In a February 2012 Edge Strategies survey (commissioned by Microsoft) of 3,000 small businesses in the US, the following data came to light:

  • The number of small companies with 2 to 10 employees using paid cloud services will triple in the next three years;
  • Current cloud users report purchasing an average of 4 services in the cloud now and expect to use 6 in the future;
  • Fifty percent agree that cloud computing is going to become more important for businesses such as theirs.

Further, a survey of 323 SMBs recently released by social business site Spiceworks and sponsored by EMC reveals that from 48 percent at the start of 2012 and 28 percent a year ago, 62 percent of the businesses surveyed now use some type of cloud app.

What these numbers show is that cloud adoption among small and medium enterprises is starting to gain ground and for sure, more will do the same as understanding and awareness increase. Yes, these businesses should still perform their due diligence as there is no one-size-fits-all cloud solution. But for those companies who have managed to find the right cloud apps and services for their needs, it’s all sunny skies up ahead.

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A Definitive List of the Business Benefits of Cloud Computing – Part 2

Improves cash flow

The capital investment you put into an on-premise IT infrastructure is normally based on a long-range forecast of what your highest computing demands will be. But what if, as they often do, the estimates turn out to be too high? Then you’ll have to bear with the huge depreciation cost or monthly amortisation of a grossly underutilised asset for the next couple of years.

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A Definitive List of the Business Benefits of Cloud Computing

When you run a Google search for the “benefits of cloud computing”, you’ll come across a number of articles with a good list of those. However, most of them don’t go into the details, which nevertheless might still suit some readers. But if you’re looking for compelling business reasons to move your company’s IT to the cloud, a peripheral understanding of what this technology can do for you certainly won’t cut it.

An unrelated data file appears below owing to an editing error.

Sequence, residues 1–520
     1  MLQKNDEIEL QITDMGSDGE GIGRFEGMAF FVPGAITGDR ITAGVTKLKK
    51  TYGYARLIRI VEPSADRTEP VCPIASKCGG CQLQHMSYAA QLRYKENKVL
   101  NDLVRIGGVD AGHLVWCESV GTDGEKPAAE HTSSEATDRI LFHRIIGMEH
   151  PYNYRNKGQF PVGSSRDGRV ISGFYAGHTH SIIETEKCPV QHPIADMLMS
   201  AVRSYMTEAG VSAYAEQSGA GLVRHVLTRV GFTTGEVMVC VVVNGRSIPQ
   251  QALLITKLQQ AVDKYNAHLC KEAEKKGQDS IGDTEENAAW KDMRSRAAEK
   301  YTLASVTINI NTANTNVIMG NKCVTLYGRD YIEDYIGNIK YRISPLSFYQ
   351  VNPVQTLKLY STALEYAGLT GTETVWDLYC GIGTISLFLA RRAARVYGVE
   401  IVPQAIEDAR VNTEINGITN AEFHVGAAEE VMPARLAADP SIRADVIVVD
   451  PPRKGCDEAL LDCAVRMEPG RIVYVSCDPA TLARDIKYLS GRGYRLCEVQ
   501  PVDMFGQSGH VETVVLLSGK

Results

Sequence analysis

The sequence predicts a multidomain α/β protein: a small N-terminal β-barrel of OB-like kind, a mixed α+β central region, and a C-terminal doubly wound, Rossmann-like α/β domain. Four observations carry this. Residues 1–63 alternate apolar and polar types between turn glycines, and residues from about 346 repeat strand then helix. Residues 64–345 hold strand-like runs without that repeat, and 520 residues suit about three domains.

Now, cloud computing is not just one of those “cool” technologies that come along every couple of years and which can only benefit a particular department. What we’re talking about here really is a paradigm shift in computing that can transform not only entire IT infrastructures but also how we run our respective organisations.

I hate to think that some people are holding back on cloud adoption just because they haven’t fully grasped what they’re missing. That is why I decided to put together this list. I wanted to produce a list that would help top management gain a deeper understanding of the benefits of the cloud.

Cloud computing is one bandwagon you really can’t afford not to jump into. Here are ten good reasons why:

1. Zero CAPEX and low TCO for an enterprise-class IT infrastructure

2. Improves cash flow

3. Strengthens business continuity/disaster recovery capabilities

4. Lowers the cost of analytics

5. Drives business agility

6. Ushers in anytime, anywhere collaboration

7. Enhances information, product, and service delivery

8. Keeps entire organisation in-sync

9.  Breathes life into innovation in IT

10. Cultivates optimal environments for development and testing

Zero CAPEX and low TCO for an enterprise-class IT infrastructure

Most cloud adopters with whom I’ve talked to cite this particular reason for gaining interest in the cloud.

Of course they had to dig deeper and consider all other factors before ultimately deciding to migrate. But the first time they heard cloud services could give them access to enterprise class IT infrastructures without requiring any upfront capital investment, they realised this was something worth exploring.